If you were to launch a chain of chic seaside hotels in the South East, where would you start? Perhaps Margate, Deal, Hastings... Brighton for a really safe bet. Instead, the inaugural Port Hotel has landed in Eastbourne.
‘It’s a beautiful Victorian town,’ says co-founder Peter Cadwallader of the seaside resort, which once had a decidedly sleepy reputation. Occupying a smart row of black townhouses on the seafront, this 19-room boutique hotel and restaurant has been shaped by London-based interior designer Imraan Ismail with a quiet modernity.
Perhaps the formula is by now a familiar one – cork floors, poured concrete sinks and terrazzo tiles – but it’s minimalism at its most cocooning, evoking calm rather than coolness. That’s partly thanks to a well-judged selection of Scandinavian furniture and lighting, with pieces by Gubi, &Tradition and Muuto.
Sharp eyes will spot Ferm Living ‘Rico’ chairs in the snug lounge area, which forms part of an airy do-it-all ground floor space that also encompasses restaurant, bar and reception. It’s a clever use of a compact footprint, and guests are likely to be surprised at the size (and the views) of five spacious sea view rooms and a ‘studio apartment’ after a shimmy up narrow stairs.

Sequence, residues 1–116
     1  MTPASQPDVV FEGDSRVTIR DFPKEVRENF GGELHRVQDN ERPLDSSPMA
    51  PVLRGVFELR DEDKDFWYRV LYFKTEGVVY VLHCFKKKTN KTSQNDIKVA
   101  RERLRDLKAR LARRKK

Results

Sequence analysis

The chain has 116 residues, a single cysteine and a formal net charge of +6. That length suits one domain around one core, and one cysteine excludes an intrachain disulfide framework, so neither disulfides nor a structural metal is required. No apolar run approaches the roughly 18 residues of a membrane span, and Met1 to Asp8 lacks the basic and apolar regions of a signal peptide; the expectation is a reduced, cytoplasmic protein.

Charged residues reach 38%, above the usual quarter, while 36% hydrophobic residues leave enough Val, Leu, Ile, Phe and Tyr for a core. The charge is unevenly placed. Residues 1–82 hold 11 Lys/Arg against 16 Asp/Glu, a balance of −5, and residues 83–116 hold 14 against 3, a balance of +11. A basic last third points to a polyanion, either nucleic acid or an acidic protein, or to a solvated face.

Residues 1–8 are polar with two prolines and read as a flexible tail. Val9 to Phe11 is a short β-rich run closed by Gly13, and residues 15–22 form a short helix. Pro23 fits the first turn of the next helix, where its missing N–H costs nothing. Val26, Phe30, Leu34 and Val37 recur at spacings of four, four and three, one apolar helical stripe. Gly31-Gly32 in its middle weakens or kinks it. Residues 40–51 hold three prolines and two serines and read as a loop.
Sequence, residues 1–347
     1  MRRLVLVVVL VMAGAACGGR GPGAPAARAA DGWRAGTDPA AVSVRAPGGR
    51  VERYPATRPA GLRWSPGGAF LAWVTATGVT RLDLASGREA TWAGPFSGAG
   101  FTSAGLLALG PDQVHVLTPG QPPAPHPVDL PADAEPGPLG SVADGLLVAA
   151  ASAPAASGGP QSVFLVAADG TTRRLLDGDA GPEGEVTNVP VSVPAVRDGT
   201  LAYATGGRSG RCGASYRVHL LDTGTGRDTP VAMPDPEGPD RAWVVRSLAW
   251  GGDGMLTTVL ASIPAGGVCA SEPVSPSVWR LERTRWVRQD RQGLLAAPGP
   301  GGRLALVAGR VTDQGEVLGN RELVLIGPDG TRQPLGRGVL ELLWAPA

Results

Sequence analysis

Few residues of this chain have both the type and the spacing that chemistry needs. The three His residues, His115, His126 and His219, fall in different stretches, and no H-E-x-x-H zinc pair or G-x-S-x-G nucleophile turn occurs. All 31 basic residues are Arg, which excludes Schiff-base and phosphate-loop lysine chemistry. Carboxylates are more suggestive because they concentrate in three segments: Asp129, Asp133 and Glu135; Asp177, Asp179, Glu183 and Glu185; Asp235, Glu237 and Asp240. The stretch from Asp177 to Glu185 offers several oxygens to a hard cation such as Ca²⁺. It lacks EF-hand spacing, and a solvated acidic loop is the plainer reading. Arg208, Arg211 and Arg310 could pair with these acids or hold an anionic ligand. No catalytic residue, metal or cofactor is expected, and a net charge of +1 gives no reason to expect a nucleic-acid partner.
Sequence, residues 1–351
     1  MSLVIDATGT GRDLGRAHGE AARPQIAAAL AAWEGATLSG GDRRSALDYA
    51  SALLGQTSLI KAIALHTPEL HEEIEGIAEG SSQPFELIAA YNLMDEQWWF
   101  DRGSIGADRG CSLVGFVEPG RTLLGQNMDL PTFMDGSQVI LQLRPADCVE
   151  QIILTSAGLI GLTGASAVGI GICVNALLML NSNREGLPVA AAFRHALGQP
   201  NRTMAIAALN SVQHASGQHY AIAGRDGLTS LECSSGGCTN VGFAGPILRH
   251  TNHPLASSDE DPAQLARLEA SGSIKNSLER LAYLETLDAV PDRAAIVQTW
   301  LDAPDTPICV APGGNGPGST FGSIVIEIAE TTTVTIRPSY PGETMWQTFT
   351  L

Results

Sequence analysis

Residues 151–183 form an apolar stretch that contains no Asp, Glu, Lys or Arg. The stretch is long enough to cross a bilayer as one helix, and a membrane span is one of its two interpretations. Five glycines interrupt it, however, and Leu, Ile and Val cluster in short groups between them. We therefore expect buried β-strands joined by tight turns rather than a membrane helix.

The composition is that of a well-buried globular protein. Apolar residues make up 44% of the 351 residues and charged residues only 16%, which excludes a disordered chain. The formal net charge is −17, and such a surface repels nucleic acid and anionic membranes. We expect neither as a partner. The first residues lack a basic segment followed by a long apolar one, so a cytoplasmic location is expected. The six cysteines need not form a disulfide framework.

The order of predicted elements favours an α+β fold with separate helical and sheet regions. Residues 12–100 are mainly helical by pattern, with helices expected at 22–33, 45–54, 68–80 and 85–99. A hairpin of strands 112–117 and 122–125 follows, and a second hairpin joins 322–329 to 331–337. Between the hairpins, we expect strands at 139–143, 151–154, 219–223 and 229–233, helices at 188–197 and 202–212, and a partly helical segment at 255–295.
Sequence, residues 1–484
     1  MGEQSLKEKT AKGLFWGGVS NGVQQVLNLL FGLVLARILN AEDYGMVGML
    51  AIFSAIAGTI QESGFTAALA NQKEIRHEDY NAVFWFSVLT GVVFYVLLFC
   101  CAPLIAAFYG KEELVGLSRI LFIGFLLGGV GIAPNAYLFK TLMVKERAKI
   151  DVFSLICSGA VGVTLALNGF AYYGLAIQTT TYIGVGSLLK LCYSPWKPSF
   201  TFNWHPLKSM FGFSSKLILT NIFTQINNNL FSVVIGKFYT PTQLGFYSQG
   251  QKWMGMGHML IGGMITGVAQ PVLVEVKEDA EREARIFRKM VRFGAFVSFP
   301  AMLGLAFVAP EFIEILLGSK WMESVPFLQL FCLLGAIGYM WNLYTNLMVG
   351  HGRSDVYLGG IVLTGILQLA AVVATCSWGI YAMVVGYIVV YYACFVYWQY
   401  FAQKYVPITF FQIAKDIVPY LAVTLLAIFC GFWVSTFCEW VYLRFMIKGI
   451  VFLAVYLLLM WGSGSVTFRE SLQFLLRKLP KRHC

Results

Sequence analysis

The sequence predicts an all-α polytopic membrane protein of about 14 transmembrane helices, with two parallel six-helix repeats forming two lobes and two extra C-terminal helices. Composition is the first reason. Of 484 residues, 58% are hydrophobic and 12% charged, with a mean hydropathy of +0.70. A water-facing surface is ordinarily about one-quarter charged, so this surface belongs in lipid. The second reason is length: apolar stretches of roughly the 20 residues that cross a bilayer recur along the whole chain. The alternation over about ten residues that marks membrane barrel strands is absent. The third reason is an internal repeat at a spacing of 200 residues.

All bedrooms, including the smaller town view rooms, include generous beds with Hypnos mattresses and walk-in showers. Smartly, Port has done away with the in-room paraphernalia of ironing boards et al (available on request, of course) in favour of simple pleasures for design lovers – why does that morning cup of tea taste better with George Sowden’s kettle for Hay?
If it all seems rather far removed from the quintessential British seaside experience, let Ismail explain his influences. The round brass bedside tables are a nod to the Eastbourne Pier dome, while the pastel colour palette, he says, reflects ‘the soft pinkish hue that bounces off the sea at sunset’.
Downstairs, the fluted wood bar (crafted by local artisans, who also had a hand in the bedrooms’ headboards) is stocked with tipples by Sussex makers such as Rathfinny Wine and Ditchling Gin, while the putty-toned restaurant sources almost all ingredients within 30 miles.
The menu of small plates is easy to navigate and caters well to vegans and gluten free guests (order the grilled nectarine panzanella if you spot it, through the offering changes regularly). Port does brunch, not breakfast, although you can still get up early to beat the locals who pile in later in the morning. It’s best taken on the terrace.
This is a retreat that’s subtly rooted in place – and we do like to be beside the seaside. From £140 per night, porthotel.co.uk